The acf basin

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The ACF Basin

  • The ACF Basin

  • The ACT Basin

  • Interests of the States

  • History of Litigation

  • Views on Water Supply Rule

Upper Chattahoochee River

  • Upper Chattahoochee River

    • Buford Dam / Lake Lanier
    • Tiny headwaters
    • 2/3 of ACF storage capacity
  • Middle Chattahoochee River

    • Storage: West Point and Walter F. George
    • ROR: Andrews and Woodruff
  • Apalachicola River

  • Flint River (uncontrolled)

Upper Chattahoochee River

  • Upper Chattahoochee River

  • Middle Chattahoochee River

    • Columbus, Georgia
    • 3 major plants
    • Historically, navigation to Columbus and Bainbridge
  • Apalachicola River

    • Oysters, shrimp, etc.
    • Endangered fish & mussels

Water generally abundant

  • Water generally abundant

  • In times of drought:

    • Corps must meet minimum flow at Florida line for species (5,000 cfs)
    • BUT no flow target in Mid-Chatt
    • Flow levels during droughts have endangered withdrawals in Mid-Chatt
      • Exacerbated to the extent flows from relatively large Flint watershed help meet Apalachicola targets


  • Headwaters

    • Carters (Coosawattee River)
    • Allatoona (Etowah River)
  • Coosa River

    • 7 Alabama Power dams
  • Tallapoosa River

    • 4 Alabama Power dams
  • Alabama River

    • R.F. Henry, Millers Ferry, & Claiborne (ROR)


  • Headwaters

  • Coosa River

    • Water quality and quantity issues at the state line
  • Alabama River

(North) Georgia:

  • (North) Georgia:

    • Economic growth of Atlanta and other settlements
    • Groundwater not plentiful
    • Surface water resources are limited

Alabama (and southwestern Georgia):

  • Alabama (and southwestern Georgia):

    • Current and future economic growth
    • Water quality
    • Restore navigation


  • No “project sponsors” in ACF or ACT

  • No compact or regional body

Water withdrawal law:

  • Water withdrawal law:

    • Georgia—generally, permit required for > 100,000 gallons daily average
      • Generally riparian otherwise, plus drought planning
    • Alabama—generally riparian, plus drought planning

  • Just to provide a sense of the amount of litigation in the tri-state water wars…

      • …(some of these cases have been consolidated)

Alabama v. Corps (ACF & ACT)

  • Alabama v. Corps (ACF & ACT)

    • No. 1:90-cv-01331 (N.D. Ala. 1990)
    • Challenging the proposed reallocation of water supply storage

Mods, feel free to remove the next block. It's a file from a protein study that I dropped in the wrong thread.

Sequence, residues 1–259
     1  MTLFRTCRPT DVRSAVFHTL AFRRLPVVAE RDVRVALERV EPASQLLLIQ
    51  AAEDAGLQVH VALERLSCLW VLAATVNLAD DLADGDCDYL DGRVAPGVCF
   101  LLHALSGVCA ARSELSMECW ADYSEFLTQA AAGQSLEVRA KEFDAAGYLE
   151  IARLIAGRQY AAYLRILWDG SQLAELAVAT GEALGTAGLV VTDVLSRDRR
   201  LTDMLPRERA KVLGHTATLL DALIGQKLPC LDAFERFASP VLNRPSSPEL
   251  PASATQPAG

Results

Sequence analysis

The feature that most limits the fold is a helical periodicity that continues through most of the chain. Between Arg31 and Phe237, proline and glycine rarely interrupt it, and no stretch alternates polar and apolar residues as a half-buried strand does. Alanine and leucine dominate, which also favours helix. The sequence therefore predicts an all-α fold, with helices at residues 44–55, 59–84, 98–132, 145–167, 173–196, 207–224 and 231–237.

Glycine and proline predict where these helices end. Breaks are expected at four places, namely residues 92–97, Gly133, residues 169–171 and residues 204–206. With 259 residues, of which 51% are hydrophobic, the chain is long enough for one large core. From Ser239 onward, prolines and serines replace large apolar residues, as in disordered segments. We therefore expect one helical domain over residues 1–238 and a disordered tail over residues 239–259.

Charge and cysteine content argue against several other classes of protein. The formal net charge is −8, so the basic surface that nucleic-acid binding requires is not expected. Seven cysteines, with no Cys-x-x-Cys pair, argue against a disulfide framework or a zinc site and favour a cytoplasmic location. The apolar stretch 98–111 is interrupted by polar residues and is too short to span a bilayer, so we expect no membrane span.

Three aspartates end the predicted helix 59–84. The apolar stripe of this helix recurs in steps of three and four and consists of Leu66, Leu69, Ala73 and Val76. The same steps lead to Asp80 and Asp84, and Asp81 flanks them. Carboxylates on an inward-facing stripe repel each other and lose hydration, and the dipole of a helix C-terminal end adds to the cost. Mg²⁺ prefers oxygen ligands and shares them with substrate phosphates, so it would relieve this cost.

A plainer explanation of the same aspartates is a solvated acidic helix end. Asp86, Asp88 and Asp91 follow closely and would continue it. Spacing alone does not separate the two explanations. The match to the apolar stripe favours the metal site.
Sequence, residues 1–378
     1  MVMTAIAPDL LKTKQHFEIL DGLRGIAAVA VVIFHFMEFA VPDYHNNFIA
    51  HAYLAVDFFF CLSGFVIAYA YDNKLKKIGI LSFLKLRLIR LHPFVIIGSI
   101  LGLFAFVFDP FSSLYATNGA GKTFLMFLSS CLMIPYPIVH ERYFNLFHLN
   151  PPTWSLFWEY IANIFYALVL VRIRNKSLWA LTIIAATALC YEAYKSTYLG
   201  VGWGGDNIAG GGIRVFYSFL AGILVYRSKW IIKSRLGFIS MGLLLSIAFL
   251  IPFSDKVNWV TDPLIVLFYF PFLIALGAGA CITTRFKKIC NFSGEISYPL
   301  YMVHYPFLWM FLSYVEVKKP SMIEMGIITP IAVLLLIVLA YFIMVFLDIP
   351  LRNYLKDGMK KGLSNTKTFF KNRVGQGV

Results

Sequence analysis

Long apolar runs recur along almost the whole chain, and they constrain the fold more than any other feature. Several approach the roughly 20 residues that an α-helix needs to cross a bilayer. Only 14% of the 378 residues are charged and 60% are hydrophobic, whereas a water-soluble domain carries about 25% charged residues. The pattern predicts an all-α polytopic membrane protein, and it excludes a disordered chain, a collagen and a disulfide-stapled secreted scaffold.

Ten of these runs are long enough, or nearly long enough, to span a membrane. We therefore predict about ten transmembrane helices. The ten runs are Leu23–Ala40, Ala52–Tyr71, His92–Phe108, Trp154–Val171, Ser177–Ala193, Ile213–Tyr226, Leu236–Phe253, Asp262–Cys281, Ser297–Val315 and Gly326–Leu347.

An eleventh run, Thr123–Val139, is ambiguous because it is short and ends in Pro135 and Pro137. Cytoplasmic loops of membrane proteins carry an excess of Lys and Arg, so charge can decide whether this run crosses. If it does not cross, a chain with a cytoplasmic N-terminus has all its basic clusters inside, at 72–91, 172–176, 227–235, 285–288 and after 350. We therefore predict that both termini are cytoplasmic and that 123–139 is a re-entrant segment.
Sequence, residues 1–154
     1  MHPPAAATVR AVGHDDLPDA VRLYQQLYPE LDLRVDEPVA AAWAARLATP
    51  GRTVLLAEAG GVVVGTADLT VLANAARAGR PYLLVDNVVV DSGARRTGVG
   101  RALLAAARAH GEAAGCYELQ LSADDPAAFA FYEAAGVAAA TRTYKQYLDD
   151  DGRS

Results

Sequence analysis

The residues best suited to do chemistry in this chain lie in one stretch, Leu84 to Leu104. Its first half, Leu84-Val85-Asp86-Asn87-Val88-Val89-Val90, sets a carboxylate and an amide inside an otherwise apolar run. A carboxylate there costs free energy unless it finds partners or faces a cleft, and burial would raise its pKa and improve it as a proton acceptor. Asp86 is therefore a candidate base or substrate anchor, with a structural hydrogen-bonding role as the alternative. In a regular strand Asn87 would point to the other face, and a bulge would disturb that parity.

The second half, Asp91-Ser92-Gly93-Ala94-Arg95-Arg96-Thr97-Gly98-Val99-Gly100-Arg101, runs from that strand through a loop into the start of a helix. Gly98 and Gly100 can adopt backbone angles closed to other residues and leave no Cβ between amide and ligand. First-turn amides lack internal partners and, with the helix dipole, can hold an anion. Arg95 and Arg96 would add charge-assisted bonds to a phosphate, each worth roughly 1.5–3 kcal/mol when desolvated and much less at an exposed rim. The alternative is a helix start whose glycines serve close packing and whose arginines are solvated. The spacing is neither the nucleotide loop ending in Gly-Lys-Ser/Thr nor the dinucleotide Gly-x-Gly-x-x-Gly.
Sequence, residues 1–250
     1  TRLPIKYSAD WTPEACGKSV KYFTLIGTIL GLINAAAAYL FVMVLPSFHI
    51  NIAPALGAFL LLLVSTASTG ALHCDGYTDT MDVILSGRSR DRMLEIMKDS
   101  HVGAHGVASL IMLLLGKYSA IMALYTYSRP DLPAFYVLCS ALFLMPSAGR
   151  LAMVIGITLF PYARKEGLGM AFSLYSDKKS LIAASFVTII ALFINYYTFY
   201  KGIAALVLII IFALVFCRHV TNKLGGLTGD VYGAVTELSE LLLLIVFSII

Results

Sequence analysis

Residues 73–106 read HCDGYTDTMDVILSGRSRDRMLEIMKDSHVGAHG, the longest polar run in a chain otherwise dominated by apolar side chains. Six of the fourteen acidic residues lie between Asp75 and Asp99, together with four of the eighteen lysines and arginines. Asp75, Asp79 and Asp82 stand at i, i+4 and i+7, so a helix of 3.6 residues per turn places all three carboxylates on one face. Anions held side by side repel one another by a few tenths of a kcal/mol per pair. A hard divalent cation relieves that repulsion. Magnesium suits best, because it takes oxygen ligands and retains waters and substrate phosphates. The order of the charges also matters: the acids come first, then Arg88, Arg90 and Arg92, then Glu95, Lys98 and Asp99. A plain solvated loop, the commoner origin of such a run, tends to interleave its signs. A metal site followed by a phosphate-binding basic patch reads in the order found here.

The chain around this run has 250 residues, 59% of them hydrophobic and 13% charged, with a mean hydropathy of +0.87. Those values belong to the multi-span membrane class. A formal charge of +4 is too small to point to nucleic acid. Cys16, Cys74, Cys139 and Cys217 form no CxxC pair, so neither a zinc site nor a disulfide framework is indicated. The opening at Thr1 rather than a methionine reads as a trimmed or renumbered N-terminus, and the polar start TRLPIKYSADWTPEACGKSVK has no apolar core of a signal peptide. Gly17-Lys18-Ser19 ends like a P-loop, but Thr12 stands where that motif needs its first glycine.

• Se. Fed. Power Customers (SeFPC) v. Corps (ACF)

    • No. 1:00-cv-02975 (D.D.C. 2000)
    • Challenging the proposed reallocation of water supply storage

Georgia v. Corps (ACF)

  • Georgia v. Corps (ACF)

    • No. 1:06-cv-01473 (N.D. Ga. 2006)
    • Challenging the Interim Operation Plan (IOP) (implementing ESA requirements)
  • Florida v. USFWS (ACF)

    • 4:06-cv-00410 (N.D. Ga. 2006)
    • Challenging Biological Opinion for IOP

City of Columbus v. Corps (ACF)

  • City of Columbus v. Corps (ACF)

    • No. 4:07-cv-00125 (M.D. Ga. 2007)
    • Challenging Corps operations, failure to conduct NEPA analysis
  • City of Apalachicola v. Corps (ACF)

Florida v. Georgia (ACF)

  • Florida v. Georgia (ACF)

    • No. 142 (U.S.S.C. filed 2013)
    • FL seeking equitable apportionment of water & cap on GA consumption - AL not a party
  • Alabama v. Corps (ACF)

    • No. 1:17-cv-00607 (D.D.C. filed 2017)
    • Challenging the environmental analysis for Water Control Manual (WCM) and water supply assessment

Georgia v. Corps, (ACT)

  • Georgia v. Corps, (ACT)

    • No. 1:14-cv-03593 (N.D. Ga. filed 2014)
    • Plaintiffs also include Atlanta Regional Commission (ARC)* and Cobb County-Marietta Water Authority (CCMWA)
      • NWC Member
    • Challenging the ACT WCM; also a FOIA claim

CCMWA v. Corps (ACT)

  • CCMWA v. Corps (ACT)

    • No. 1:17-cv-00400 (N.D. Ga. filed 2017)
    • Challenging the Corps’ storage accounting system at Allatoona Lake

  • Here’s a guess of the positions of upstream and downstream interests

    • Just my speculation – comment deadline still outstanding (Nov. 16, 2017)


  • Upstream:

  • Change current policy

  • Credit return flows and “made” water


  • Upstream:

  • Recognize primacy of states to allocate water


  • Upstream:

  • Flexible withdrawal policies


  • Upstream:

  • Pursue the rule

  • Pricing issues

  • “Equalize” federal customer considerations

  • If I have seemed skeptical that NWC could adopt consensus positions on big issues…

  • …I hope this helps explain why.

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